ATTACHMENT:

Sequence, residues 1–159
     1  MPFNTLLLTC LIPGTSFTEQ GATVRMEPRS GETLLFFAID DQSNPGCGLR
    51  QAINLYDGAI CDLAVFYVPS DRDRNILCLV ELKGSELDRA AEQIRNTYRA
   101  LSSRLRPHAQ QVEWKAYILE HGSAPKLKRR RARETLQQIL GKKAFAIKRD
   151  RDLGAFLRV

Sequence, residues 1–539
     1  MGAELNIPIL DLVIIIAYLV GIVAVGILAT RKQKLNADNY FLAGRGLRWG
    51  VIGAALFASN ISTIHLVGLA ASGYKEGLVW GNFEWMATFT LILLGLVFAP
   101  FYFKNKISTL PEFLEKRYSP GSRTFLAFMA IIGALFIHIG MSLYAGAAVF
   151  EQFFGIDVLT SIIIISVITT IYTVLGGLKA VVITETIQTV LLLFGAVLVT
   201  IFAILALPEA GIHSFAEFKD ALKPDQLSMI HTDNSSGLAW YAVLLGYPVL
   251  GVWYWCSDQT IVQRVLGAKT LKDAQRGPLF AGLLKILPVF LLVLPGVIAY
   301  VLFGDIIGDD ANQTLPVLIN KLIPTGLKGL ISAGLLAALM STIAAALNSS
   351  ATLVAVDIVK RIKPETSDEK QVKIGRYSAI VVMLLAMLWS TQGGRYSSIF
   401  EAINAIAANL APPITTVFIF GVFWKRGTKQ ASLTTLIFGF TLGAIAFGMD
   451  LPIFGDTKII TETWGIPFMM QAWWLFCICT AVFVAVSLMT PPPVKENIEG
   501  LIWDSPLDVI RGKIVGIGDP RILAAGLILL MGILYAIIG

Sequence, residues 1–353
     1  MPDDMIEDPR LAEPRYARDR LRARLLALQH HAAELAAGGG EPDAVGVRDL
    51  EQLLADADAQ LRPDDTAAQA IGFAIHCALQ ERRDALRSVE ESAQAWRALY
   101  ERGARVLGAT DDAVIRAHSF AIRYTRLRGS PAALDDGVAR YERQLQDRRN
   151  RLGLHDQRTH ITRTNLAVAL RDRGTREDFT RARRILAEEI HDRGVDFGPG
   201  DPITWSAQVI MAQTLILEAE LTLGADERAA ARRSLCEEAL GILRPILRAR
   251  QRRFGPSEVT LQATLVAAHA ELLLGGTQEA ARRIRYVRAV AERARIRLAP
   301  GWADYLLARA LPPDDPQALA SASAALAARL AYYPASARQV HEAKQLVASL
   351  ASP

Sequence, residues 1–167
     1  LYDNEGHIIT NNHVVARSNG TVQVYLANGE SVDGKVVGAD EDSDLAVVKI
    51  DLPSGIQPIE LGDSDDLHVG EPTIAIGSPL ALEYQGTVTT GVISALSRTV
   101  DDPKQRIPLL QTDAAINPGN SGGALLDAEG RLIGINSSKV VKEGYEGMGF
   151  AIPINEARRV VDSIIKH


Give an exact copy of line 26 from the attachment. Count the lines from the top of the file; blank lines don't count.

   351  ASP